Not that I have ever heard. Like you, I have spoken British English from birth (well, not quite, but from as soon as I started talking!). "They have 8 seats free" is the usual way of expressing it.
The given translation is not normal English. We'd say, "They have eight seats free", not "They have eight seats open". (I put "free", and thankfully, it was accepted).
For the theatre we would certainly hear "...seats free" but for a restaurant or course we'd probably more often hear "...places free" which fits well with the German sentence. As for "...seats open" - definitely for those across the Pond ("Über den Teich", which probably doesn't make much sense in Germany).
since u can't have 8 squares, places open/free, in this case platz means seat, ...but in the vocabulary the translations for platz are indeed square, seat, piazza, place :) for instance...Das Jelačić Platz ist frei...as a sentence just doesn't make any sense (picture below) http://img156.imageshack.us/img156/4171/trg2000kl1.jpg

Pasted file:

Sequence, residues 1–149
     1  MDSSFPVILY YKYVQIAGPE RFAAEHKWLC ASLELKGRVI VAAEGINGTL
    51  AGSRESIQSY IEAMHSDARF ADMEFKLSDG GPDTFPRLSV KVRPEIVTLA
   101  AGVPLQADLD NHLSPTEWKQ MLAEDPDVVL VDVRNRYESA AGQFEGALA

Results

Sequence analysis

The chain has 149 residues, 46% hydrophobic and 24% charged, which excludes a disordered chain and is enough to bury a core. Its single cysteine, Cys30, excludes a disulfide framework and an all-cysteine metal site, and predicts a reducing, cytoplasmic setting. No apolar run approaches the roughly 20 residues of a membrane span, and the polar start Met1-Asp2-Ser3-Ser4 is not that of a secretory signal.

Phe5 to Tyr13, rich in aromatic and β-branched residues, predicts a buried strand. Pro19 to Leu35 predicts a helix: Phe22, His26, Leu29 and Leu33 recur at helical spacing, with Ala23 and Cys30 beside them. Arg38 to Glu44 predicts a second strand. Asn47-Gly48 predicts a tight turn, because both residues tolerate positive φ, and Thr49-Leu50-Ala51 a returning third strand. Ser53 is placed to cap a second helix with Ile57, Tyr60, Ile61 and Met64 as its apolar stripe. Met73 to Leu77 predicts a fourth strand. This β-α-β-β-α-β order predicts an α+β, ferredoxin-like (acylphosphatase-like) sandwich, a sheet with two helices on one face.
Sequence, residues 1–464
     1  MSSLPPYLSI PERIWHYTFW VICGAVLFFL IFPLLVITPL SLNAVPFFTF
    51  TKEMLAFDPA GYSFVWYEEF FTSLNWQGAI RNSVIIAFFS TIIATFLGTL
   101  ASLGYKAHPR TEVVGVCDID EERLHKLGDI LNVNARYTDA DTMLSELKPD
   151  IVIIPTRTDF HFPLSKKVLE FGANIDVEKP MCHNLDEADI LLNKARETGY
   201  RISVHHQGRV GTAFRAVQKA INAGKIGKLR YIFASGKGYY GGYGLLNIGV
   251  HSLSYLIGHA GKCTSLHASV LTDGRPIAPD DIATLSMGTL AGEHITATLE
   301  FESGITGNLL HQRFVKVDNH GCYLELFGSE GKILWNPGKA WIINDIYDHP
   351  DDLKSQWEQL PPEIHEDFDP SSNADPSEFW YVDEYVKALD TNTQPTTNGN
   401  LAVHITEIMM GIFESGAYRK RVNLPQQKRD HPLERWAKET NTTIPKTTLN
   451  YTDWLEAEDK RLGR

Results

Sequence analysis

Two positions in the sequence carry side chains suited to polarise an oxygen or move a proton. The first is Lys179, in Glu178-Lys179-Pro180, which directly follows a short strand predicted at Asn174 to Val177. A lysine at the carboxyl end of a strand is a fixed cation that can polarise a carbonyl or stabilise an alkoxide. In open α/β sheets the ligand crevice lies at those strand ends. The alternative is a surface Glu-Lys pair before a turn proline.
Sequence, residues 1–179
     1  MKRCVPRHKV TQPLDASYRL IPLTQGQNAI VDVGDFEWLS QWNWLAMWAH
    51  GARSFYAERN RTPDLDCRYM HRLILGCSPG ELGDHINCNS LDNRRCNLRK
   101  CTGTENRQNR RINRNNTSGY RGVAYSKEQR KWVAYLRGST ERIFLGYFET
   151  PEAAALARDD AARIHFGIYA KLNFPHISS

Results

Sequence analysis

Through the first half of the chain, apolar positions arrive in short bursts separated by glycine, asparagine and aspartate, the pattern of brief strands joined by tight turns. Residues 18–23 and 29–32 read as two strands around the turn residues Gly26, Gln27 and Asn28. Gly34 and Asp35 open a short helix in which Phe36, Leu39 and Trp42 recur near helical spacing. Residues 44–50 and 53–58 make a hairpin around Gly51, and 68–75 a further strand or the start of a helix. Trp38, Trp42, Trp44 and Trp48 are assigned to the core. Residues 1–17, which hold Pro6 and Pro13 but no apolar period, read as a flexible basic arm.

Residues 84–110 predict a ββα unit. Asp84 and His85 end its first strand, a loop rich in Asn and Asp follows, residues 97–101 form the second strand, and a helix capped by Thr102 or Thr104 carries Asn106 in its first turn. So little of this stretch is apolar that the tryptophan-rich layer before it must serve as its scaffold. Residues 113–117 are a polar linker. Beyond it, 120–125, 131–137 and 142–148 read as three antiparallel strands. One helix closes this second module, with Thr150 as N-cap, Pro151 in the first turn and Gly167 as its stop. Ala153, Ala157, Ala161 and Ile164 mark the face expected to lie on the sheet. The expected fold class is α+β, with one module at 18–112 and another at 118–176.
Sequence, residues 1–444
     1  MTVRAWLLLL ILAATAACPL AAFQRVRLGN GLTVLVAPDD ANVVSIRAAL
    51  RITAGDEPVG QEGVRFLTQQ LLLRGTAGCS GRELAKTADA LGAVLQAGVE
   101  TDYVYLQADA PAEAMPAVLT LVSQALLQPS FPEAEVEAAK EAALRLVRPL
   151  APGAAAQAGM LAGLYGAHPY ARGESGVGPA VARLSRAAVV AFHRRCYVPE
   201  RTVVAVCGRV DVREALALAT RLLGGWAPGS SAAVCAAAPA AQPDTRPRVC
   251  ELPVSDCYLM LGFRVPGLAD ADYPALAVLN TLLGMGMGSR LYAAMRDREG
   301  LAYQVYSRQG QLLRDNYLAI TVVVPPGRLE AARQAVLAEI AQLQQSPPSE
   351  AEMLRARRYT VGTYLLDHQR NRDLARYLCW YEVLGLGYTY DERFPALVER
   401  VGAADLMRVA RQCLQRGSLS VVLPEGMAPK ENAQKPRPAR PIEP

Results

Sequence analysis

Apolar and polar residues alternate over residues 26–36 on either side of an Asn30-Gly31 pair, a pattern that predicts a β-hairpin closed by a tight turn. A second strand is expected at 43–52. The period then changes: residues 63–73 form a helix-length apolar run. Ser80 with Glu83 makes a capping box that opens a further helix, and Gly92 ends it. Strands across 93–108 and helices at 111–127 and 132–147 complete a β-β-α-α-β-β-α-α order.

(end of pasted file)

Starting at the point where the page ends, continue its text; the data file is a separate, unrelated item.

I am doing an exercise with tapping the word bank. It does not include "free". I tried "they have eight seats" which would cover most contexts in English. So I have lost a heart and will be forced to use a phrase I have never heard when I come to the correction at the end. I am becoming more and more annoyed by having trouble understanding the English used by Duo.